They decided to leave us alone and have some fun in the watering hole. I could barely make out their shapes in the darkness, illuminated with moonlight and the dimmed torches of the instructors. I could hear them splashing about, slurping up water, snapping tree branches off and feeding, making low rumbling noises, and just having a good time. I was starting to wonder if elephants ever slept but eventually, after about four hours, they had had enough and went on their way, silently like fat ninjas. It’s actually quite scary how such a massive creature can be so quiet.
When everything was deemed safe, we all could finally get to bed, not that we got much sleep that night!!
I felt like I was in Jurassic Park or something for the whole experience. I’ve seen elephants many times before, but it is such a different experience at night. They’re more agitated and their behaviour changes completely. It didn’t help that one could barely see or hear them and not really know where all of them were. Having these massive beings come so close under these circumstances was exhilarating and I would definitely do it again.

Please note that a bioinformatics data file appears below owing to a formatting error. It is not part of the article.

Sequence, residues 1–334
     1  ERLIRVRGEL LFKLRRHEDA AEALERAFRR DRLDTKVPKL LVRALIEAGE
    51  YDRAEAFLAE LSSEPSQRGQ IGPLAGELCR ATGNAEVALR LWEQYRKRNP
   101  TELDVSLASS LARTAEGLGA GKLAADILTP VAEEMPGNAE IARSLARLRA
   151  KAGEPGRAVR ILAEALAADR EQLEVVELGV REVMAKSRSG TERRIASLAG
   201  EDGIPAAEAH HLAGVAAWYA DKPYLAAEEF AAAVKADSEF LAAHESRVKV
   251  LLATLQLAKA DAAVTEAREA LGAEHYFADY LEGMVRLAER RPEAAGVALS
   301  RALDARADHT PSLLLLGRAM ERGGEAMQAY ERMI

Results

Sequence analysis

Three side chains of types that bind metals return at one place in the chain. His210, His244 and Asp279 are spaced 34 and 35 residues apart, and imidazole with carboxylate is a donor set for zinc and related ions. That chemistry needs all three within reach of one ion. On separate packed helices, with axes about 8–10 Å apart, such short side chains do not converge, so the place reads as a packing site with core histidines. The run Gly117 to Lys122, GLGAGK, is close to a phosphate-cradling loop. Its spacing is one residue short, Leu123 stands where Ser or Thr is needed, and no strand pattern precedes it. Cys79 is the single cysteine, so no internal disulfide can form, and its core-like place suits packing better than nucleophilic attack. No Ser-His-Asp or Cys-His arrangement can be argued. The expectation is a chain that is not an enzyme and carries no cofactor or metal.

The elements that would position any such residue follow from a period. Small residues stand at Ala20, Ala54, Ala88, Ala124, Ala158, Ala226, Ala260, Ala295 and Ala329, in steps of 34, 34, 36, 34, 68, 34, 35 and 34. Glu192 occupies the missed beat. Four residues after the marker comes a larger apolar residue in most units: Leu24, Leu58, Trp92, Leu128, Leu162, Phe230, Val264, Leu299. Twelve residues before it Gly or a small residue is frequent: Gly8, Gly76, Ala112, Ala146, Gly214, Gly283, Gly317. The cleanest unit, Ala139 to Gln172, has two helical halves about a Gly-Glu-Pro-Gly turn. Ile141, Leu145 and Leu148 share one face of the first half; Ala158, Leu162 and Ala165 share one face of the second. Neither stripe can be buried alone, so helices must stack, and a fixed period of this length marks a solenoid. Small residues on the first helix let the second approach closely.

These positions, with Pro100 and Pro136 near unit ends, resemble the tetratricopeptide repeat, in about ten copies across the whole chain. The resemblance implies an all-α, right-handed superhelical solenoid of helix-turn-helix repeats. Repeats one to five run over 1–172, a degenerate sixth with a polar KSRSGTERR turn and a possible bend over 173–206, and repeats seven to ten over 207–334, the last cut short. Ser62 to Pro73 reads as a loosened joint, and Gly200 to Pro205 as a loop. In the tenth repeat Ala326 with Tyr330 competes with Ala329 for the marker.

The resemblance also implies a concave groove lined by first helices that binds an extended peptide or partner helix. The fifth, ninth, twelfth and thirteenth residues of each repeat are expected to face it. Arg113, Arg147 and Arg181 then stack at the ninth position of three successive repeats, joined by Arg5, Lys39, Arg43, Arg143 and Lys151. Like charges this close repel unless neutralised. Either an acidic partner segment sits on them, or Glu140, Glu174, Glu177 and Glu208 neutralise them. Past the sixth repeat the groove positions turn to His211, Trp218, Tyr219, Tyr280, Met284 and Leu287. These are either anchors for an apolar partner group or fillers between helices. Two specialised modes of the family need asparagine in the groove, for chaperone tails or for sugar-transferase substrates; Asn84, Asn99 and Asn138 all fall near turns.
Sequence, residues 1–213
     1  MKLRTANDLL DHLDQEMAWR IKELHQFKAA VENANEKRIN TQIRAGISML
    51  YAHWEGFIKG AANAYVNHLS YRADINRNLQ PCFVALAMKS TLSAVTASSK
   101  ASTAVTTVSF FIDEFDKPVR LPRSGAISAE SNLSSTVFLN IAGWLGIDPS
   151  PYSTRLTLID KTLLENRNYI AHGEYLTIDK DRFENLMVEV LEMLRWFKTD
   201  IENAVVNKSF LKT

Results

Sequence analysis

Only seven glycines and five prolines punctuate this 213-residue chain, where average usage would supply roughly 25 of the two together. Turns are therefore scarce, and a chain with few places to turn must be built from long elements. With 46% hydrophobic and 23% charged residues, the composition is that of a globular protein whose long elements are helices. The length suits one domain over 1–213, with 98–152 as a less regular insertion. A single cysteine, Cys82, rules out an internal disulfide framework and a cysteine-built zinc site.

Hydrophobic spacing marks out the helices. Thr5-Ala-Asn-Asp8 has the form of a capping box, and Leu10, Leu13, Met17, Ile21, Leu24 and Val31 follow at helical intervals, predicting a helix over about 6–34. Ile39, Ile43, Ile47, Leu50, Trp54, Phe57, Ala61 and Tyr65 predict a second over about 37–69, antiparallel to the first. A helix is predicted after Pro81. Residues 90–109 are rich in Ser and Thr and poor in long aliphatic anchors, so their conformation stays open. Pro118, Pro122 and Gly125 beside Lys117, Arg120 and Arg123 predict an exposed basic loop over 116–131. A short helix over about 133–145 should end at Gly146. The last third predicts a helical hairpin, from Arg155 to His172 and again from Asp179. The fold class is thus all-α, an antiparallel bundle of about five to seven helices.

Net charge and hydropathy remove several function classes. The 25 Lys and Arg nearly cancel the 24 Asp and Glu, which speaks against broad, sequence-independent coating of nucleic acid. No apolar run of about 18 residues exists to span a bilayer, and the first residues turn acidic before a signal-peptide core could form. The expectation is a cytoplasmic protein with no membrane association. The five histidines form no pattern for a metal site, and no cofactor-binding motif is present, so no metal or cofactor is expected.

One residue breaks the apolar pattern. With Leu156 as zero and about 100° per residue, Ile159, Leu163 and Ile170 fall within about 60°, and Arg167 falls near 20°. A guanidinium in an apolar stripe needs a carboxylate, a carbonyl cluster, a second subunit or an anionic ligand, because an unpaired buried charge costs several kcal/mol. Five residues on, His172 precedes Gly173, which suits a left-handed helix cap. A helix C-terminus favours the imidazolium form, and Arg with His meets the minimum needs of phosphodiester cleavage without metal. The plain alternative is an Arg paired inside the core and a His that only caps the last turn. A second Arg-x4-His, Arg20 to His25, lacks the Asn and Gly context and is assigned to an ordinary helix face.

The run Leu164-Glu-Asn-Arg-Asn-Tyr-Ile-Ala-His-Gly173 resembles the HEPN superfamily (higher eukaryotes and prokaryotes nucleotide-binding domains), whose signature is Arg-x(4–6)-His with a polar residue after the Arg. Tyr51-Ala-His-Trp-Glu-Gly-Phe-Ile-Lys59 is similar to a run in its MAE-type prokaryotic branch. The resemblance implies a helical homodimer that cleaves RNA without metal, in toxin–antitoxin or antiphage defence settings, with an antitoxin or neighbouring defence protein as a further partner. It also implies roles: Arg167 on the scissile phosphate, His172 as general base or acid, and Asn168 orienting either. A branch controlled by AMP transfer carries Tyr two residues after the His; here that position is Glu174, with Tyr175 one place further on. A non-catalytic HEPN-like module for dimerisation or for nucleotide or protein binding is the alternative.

I almost wished that the kitties also came for a visit. That would have been a riot.
In the morning everyone woke up very tired and quietly reflected over the events that unfolded the night before. It was Wednesday which was the day of the first of mock assessment drives. And who better to start everyone off than yours truly. Everyone was hungry and grumpy and just wanted to go home and sleep. However, I mustered enough of a positive attitude to get us through the day and didn’t do too bad of a job despite the unfavourable circumstances.